This large Old Babylonian plaque, found in southern Iraq, was made between 1800 and 1750 BC. It is made of baked straw-tempered clay, modelled in high relief, and probably stood in a shrine. The figure could be an aspect of the goddess Ishtar, Mesopotamian goddess of sexual love and war; or Ishtar's sister and rival, the goddess Ereshkigal who ruled over the Underworld; or the demoness Lilitu, known in the Bible as Lilith.This book explores the symbolism and history behind this beautiful relief. The figure wears the horned headdress characteristic of a Mesopotamian deity and holds a rod and ring of justice, symbols of her divinity. Her long multi-coloured wings hang downwards, indicating that she is a goddess of the Underworld. Her legs end in the talons of a bird of prey, similar to those of the two owis that flank her. The background was originally painted black, suggesting that she was associated with the night. She stands on the backs of two lions, and a scale pattern indicates mountains. The relief may have come to England as early as 1924, and was brought to the British Museum in 1933 for scientific testing.It has been known since 1936 as the Burney Relief, after its owner at that time. The relief was in private hands until its acquisition by the Museum in 2003.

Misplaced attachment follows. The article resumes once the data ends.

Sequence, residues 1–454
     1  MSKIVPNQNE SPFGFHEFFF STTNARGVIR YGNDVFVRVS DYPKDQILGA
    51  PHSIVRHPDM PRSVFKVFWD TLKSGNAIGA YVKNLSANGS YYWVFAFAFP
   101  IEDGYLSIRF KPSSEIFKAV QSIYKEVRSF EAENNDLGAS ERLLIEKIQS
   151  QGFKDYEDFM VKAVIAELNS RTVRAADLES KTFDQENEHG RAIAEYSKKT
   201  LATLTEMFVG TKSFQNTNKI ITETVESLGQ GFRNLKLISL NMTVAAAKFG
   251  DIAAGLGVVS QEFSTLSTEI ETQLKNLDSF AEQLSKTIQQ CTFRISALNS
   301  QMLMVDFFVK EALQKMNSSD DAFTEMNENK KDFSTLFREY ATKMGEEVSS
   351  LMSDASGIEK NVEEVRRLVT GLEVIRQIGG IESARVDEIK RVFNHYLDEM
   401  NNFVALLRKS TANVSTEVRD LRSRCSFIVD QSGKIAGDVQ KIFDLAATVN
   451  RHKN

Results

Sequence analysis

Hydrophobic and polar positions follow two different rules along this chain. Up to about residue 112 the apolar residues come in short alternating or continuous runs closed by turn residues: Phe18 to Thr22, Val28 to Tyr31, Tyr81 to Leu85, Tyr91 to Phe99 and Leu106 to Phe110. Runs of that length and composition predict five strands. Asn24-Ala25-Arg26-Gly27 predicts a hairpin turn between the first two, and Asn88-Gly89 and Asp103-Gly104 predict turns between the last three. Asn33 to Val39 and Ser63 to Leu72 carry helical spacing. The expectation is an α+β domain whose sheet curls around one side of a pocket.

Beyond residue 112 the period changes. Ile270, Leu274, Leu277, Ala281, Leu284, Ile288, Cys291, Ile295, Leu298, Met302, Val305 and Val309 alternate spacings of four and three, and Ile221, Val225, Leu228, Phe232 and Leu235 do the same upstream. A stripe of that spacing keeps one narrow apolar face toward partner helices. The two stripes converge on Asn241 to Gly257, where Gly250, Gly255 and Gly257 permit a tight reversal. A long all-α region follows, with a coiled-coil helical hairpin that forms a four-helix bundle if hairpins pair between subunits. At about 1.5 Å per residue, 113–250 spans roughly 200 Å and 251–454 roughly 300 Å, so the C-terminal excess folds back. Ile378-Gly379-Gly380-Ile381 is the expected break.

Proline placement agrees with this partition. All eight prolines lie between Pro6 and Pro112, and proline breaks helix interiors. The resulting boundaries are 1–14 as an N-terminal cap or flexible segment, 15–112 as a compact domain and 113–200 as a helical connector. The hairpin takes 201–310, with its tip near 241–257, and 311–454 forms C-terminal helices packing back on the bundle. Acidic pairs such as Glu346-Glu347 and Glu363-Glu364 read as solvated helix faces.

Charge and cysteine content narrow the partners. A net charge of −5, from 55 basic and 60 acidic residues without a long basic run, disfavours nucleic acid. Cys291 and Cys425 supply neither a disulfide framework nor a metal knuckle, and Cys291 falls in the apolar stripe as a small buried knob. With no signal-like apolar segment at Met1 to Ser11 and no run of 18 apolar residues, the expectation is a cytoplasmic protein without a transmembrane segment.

Vis mereVis mindre